Extended deterrence was supported by a system of security guarantees, most of which were of a familiar and traditional kind: a declared willingness by states to cooperate in each other’s defense, and to fight side-by-side in given circumstances. In the nuclear era, however, a new form of guarantee was introduced, one that was extended not merely to friends but to rivals and adversaries as well. States known to possess nuclear weapons promised not to employ them against any that did not, in exchange for a countervailing promise that states without nuclear weapons would not attempt to obtain them. This exchange of promises lies at the heart of the nuclear non-proliferation regime established in 1968.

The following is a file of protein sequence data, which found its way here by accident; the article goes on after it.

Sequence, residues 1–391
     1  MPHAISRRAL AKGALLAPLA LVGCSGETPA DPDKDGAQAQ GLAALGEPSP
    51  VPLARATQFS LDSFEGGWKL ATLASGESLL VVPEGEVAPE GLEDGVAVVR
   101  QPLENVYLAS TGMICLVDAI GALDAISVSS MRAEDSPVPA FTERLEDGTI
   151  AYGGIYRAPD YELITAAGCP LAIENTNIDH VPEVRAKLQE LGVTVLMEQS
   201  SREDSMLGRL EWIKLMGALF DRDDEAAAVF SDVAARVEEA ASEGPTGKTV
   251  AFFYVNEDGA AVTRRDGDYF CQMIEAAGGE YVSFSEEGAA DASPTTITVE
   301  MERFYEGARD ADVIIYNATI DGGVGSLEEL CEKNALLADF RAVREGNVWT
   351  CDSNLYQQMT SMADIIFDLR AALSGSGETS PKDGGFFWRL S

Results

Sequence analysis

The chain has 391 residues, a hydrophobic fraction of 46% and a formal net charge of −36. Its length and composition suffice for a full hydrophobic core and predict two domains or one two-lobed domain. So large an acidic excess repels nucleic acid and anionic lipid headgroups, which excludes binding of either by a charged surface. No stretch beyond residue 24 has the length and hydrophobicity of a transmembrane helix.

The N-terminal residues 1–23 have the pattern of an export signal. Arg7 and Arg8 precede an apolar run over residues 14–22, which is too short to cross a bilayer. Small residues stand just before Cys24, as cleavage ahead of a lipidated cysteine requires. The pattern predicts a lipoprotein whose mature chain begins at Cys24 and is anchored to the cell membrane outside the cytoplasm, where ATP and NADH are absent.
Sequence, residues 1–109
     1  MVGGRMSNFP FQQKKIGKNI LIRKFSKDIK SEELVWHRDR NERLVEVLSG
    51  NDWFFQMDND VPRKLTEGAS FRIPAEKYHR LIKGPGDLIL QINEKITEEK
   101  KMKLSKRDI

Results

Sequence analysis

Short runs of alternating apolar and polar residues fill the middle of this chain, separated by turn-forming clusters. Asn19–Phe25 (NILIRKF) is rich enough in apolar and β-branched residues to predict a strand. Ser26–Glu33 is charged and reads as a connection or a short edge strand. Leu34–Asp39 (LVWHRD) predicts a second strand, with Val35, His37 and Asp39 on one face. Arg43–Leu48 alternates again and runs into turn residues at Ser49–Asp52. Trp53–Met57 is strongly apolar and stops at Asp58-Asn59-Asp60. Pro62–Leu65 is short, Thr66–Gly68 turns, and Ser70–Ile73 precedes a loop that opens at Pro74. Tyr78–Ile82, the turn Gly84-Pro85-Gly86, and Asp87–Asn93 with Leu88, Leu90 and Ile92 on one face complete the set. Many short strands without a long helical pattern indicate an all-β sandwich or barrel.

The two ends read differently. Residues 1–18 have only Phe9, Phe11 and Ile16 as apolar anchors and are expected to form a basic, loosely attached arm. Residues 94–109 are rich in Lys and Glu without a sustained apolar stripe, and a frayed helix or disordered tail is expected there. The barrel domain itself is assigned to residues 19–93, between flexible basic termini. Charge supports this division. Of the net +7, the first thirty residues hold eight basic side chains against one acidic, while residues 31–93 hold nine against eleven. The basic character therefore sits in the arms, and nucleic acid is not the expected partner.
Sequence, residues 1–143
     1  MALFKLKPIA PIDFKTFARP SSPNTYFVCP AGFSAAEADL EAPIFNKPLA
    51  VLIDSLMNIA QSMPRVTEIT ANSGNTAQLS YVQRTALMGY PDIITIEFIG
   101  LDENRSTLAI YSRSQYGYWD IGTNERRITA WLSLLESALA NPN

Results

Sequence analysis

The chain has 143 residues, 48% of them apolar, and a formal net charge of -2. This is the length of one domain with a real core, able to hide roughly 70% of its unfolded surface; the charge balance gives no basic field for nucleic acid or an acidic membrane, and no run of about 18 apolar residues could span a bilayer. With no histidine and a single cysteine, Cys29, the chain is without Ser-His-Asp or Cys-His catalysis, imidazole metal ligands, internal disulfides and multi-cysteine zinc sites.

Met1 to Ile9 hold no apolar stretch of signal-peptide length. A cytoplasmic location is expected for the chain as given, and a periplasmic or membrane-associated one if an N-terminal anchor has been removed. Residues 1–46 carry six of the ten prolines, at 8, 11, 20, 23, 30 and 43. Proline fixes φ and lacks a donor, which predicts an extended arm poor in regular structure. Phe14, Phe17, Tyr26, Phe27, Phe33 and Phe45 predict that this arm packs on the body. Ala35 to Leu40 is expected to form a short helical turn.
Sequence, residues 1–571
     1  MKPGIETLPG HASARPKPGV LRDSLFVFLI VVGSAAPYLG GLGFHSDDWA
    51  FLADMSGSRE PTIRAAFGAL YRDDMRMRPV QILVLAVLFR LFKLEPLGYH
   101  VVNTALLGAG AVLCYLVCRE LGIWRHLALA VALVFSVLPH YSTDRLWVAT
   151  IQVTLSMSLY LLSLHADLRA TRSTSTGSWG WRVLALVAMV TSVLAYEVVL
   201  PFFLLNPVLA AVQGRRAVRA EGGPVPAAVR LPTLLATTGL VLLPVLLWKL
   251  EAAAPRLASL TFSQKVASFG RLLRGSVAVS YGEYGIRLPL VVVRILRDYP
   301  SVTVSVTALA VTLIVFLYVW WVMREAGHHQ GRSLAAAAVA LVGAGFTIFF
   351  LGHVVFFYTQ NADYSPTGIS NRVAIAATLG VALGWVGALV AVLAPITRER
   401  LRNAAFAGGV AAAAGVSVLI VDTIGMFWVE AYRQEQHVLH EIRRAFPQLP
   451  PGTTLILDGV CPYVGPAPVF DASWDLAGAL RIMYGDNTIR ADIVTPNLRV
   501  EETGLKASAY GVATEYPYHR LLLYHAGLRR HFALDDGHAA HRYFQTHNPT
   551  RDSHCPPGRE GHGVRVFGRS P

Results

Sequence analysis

Nevertheless, nuclear proliferation remains a major threat to stability in the Persian Gulf and elsewhere. The Cold War structure of extended deterrence was defined by the logic of nuclear confrontation. Except in a few specific contexts (e.g. the NATO alliance) it did not address conventional threats, to which some states may well regard nuclear weapons as an effective answer. Nor did it offer much comfort to states who associated the possession of nuclear weapons with prestige and influence, a perception that was reinforced by the general reluctance of states with nuclear weapons to given them up. The disappearance of the Soviet Union, finally, has (perhaps paradoxically) called into question the continued credibility of the extended deterrence offered by the United States. When there were two “nuclear umbrellas” it was easy (or at any rate convenient) to assume that each covered whatever the other did not. Now that there is only one, its exact extent has become uncertain, as have the conditions under which its protection might be withdrawn.